What mask do you ask your child to wear?

· Although children might frustrate us for not listening, they rarely fail to adopt our inner and outer critic. What they see us judging in ourselves and others, becomes the very thing they struggle to accept about themselves or others. Let me share with you how you can begin to relax yours and your child's inner critic ·

Jun, 13, 2023

The idea that we influence how our child meets the world, is perhaps not a foreign one. After all, as a responsible parent, we do see it as our job to teach our child to look people in the eye, be polite, say please and thank you and be grateful when someone gives them something.

But that we actually influence the social mask our child comes to wear throughout life – that might sound a little absurd.

But let me share with you how this works and why it is a game changer to become aware of this process so that we help our child be a little more self-accepting than perhaps we are of ourselves. After all, our kids do one thing well. They might not always listen to us but they rarely fail at adopting the tone of our inner voice.

Why is self-acceptance important?

Let’s start here first.
Because if there is one thing that we all want for our child it is – self-esteem. For them to grow up to feel okay as they are, not just for what they have achieved and all of the ways in which they’ve excelled, but also for their:




As parents we know how self-esteem is like the trunk of a big oak tree that helps us weather the crises we encounter in life, the no’s we get, the failures and the heart aches that await us – without concluding about ourselves that we are unlovable.

Low self-esteem is like a see saw;

The lower the self-esteem (acceptance) – the louder the inner critic

We learn early on in life what makes us ‘loveable’. What feels acceptable to the world and what our particular family values and ensured that we were accepted and got the care and attention we needed.

A baby is not aware of that. Unapologetically, babies communicate their needs –

  • more milk
  • sleep
  • a nappy change
  • interaction
  • less interaction

A baby is whole in this respect. It is showing up free to be both cute, demanding, loud, greedy, needy, sweet, angry and innocent.
A baby is in FULL integrity.

Fast forward, to the toddler stage and beyond when our parenting is less forgiving. Now our response to our child’s behaviours are less generous. Rather than accepting the feeling and perhaps setting a boundary – we communicate in various ways which of their character traits we like – and which ones we would like them to push down:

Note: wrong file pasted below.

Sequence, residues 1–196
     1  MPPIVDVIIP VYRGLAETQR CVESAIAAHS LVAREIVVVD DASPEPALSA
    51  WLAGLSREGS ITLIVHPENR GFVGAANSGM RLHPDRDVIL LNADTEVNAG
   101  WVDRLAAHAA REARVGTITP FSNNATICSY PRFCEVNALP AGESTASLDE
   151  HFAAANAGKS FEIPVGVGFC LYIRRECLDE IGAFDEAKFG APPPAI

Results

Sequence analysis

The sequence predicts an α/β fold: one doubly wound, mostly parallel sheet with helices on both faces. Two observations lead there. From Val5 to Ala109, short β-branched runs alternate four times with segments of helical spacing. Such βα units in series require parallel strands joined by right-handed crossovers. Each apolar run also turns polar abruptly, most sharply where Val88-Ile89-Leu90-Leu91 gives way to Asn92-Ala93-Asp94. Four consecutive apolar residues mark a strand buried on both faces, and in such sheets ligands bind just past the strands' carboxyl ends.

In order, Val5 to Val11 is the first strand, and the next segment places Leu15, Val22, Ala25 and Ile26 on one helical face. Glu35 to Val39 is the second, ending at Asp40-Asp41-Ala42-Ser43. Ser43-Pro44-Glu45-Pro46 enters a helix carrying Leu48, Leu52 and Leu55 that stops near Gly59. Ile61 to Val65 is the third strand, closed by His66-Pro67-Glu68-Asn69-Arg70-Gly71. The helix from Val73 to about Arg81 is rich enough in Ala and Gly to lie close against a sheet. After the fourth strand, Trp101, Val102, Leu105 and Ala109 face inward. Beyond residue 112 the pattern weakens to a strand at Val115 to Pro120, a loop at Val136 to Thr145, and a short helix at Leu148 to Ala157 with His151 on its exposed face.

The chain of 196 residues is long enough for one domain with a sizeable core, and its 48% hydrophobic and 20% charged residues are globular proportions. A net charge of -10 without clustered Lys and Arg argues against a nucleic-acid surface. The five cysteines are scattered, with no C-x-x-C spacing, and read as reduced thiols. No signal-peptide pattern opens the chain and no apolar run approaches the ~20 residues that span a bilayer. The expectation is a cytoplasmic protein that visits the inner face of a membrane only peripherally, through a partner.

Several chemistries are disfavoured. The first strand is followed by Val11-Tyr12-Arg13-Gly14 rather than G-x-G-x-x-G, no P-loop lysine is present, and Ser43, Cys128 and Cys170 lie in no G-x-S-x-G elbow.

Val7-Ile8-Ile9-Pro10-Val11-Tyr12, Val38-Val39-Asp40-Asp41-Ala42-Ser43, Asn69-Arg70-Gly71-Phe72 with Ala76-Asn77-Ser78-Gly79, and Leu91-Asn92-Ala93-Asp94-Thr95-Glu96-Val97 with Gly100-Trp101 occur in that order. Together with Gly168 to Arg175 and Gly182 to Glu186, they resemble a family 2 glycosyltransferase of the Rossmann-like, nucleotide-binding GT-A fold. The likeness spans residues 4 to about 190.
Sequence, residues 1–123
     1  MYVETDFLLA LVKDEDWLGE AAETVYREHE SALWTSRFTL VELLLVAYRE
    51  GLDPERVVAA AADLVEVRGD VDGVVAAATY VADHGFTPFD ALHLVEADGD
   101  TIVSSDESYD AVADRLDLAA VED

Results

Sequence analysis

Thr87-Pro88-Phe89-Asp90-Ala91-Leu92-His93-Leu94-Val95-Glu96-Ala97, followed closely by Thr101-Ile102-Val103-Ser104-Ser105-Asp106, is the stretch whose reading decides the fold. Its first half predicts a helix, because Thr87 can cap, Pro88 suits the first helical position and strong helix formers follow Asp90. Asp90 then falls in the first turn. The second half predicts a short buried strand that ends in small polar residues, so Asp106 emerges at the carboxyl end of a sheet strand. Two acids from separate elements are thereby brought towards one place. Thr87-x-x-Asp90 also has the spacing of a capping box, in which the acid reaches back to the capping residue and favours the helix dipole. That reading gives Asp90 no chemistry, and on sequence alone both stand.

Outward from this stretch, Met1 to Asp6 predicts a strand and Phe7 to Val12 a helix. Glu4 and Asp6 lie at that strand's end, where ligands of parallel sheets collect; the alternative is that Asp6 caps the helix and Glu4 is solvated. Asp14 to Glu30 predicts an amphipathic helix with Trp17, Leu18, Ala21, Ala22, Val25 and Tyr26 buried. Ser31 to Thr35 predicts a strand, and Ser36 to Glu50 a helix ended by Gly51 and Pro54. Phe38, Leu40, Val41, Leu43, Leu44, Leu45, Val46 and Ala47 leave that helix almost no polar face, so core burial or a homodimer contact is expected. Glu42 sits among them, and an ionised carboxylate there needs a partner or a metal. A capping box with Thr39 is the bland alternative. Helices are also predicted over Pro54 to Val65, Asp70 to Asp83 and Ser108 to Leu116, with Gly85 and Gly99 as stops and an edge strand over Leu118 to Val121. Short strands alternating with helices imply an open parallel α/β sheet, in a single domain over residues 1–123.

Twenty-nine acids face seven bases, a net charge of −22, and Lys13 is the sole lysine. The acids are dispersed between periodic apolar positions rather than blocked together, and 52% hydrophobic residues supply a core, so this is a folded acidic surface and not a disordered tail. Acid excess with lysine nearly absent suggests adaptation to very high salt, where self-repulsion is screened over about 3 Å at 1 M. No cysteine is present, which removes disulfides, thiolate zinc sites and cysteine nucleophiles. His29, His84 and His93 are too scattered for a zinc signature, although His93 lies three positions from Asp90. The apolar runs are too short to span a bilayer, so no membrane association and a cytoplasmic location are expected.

Desire and hunger for more – can now be labelled as greed
Excitement and joy – can now be deemed being too much
Not wanting to share is – can now be deemed selfishness
Sadness – can be labelled sulking or being moody

In conscious and unconscious ways we tell our child what they need to be in order to be liked and accepted and our child responds to our instructions by conforming.

Children are fast learners:

They soon learn:
If I’m nice, accommodating, selfless, helpful, strong, happy, kind and smiley…. (fill in the blank) – I will be accepted.

This becomes our child’s mask. The way they behave to be liked and in order to uphold this mask they learn to defend against the opposites of these qualities:

  • Unkind
  • Selfish
  • Unhelpful
  • Weak or sensitive
  • Sad

Just like we have got a mask that was borne out of our first family experiences, our child’s mask will be a reflection on what we approve of and what we judge. And if we wish to support our child to have better self-esteem, be less self-critical and judge others less – we do well to support them accept all their parts.

Shadow parts

Lots has been written about the shadow. And notably, Carl Jung, was the first to identify this part of the human psyche while the integrative coach, Debbie Ford is responsible for making this concept known to the masses.

I highly recommend you check out any of the late Debbie Ford’s shadow books on this topic. Because our growth and journey towards wholeness is found in our shadows. In the lost parts of our self. In the parts of us we were not allowed to be, in the parts of us that were at odds with our need for connection and belonging.

We can always start with ourselves – and get curious:
What might be my own mask (the qualities I show when I want to make a good impression)?

By asking yourself what the opposite of each quality is – you will see what your shadow is. The thing you are not allowed to be and the qualities you most dislike in others.

Perhaps the shadow quality is: SELFISHNESS

Then ask yourself;

  • When would I benefit from being selfish?
  • What would a little bit of selfishness afford me?
  • When have I been selfish?

Awareness is key. And a little courage.

But it is work worth doing – and it does not require anyone to be perfect. But when we can show up with the level of openness and curiosity we most likely begin to set our boundaries with our children using a little less shame:

Instead of:
“you always want” (Greedy)

You might instead say:
“I don’t want to give you that today” (neutral)

If this resonates, and you would like to learn more about this process or would like to know how parenting coaching can help you and your family – please don’t hesitate to get in touch. You can also book a free discovery call:

0788 0644 513

September 22, 2023

Louise Brooks

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